Unger noted that community college students might be less likely than their four-year peers to access information about voting because they’re often busy commuting to and from campuses and juggling jobs and parenting alongside their studies.

She added that voter registration efforts sometimes target four-year institutions because many of those students live on campus, making them easier to reach. Community colleges also have less staffing and fewer resources to host voter registration drives and events. That’s partly why Community College Commitment has been making a push to inform colleges—particularly under-resourced ones— that they can use federal work-study funds for nonpartisan voter registration efforts, a matter the U.S. Department of Education clarified in a notice earlier this year.

“A lot of the administrators and faculty members that we work with are doing multiple jobs and are stretched very thin,” Unger said. “And so, civic engagement can sometimes just seem like something else on the list of many things that they’re already doing to support their students.”

Unger believes it’s vital to include community college students’ voices in the country’s democratic process. She emphasized that they tend to be racially and economically diverse and disproportionately first-generation students.

“By promoting student voter engagement at community colleges, we can help make students voters in the U.S. electorate as a whole more fully representative of our country,” she said.

Some community colleges engaging in this work are eager to grow their efforts. Multiple colleges, including Cuyahoga Community College in Ohio and Inver Hills Community College in Minnesota, have already expressed interest in vying for the on-campus concert opportunity. The SLSV Coalition has worked with about 400 community colleges since 2020 through its various voter engagement programs. Unger said 47 of those institutions have participated in the “Ask Every Student” program, which helps colleges incorporate voter registration into classes, orientations or other routine activities.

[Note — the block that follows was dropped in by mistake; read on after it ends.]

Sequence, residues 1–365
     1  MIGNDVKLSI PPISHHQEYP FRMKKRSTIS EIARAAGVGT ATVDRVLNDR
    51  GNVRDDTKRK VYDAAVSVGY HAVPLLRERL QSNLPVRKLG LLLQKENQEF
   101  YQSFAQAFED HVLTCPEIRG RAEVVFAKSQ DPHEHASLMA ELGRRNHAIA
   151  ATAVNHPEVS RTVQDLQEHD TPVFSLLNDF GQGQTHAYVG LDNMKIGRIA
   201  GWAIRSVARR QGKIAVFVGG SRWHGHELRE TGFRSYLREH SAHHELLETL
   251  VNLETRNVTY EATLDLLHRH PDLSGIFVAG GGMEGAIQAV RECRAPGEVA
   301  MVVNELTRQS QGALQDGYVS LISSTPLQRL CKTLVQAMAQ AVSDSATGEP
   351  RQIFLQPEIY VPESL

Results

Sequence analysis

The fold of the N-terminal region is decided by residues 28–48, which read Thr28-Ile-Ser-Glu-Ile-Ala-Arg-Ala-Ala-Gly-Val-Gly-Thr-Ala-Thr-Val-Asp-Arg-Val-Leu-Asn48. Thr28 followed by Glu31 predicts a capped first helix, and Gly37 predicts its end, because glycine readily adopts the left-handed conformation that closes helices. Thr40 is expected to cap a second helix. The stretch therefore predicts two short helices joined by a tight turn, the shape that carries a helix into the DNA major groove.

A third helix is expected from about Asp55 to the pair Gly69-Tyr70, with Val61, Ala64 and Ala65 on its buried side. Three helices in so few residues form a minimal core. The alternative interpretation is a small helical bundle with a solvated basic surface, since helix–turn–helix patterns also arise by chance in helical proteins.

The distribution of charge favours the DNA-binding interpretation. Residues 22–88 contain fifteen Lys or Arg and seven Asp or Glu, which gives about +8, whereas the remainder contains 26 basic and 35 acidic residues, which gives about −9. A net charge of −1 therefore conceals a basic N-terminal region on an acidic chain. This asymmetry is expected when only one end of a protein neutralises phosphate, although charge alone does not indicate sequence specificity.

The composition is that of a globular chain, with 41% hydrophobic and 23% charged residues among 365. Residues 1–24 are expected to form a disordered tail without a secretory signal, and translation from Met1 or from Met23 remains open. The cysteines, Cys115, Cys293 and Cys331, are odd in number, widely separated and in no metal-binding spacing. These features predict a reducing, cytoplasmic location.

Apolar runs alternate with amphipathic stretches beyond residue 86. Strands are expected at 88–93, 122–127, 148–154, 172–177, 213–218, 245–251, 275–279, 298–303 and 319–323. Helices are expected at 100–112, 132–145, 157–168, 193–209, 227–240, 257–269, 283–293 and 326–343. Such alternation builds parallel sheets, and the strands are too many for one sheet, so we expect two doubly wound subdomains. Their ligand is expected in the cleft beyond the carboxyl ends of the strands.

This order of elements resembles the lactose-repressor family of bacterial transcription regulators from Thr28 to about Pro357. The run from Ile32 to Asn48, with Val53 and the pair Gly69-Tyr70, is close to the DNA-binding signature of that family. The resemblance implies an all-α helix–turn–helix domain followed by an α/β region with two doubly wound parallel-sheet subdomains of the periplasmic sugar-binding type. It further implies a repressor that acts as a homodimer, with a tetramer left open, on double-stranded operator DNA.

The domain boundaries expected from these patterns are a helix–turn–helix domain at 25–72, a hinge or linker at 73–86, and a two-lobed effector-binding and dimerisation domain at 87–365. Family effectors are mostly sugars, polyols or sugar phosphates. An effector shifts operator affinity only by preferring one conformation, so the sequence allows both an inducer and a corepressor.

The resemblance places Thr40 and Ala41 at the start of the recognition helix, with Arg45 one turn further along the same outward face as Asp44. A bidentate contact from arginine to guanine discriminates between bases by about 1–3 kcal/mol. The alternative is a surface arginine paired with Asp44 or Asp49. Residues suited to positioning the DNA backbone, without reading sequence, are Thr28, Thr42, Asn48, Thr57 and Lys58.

Allegany College of Maryland, for example, received a grant to mail voting information to students during the COVID-19 pandemic, given that many students who attended the rural college had spotty internet at home. The college saw its voting rate rise by about 6 percent, said Diane McMahon, sociology professor and faculty director of the College to Community Partnership Center. The college sent half its faculty to a voter registration training with the local election board in 2022. Professors were then tasked with incorporating voting information into their teaching, whether that meant looking at voting statistics in a math class or studying the history of voting rights in a history class. The college also recently added a voting portal to its website, and this past semester, McMahon taught a pilot introduction to sociology class focused on voting and democracy.

“A lot of times people say, ‘You’ve got to get out and vote,’ and people say, ‘Oh, it doesn’t make a difference. My one little vote is not going to make a change,’” she said. She wanted to get across to students in her class “why democracy is important, and why voting is a tool of democracy,” as well as how voting can affect real issues they care about, from global warming to abortion rights.

Allegany plans to throw its hat in the ring for the Community College Commitment’s concert competition, provided administrators can figure out the logistics of hosting it.

 A concert would bring attention to the small, rural college, McMahon said, and in the lead-up to November, send a message that it’s an “important time for students to get involved, to let their voice be heard.”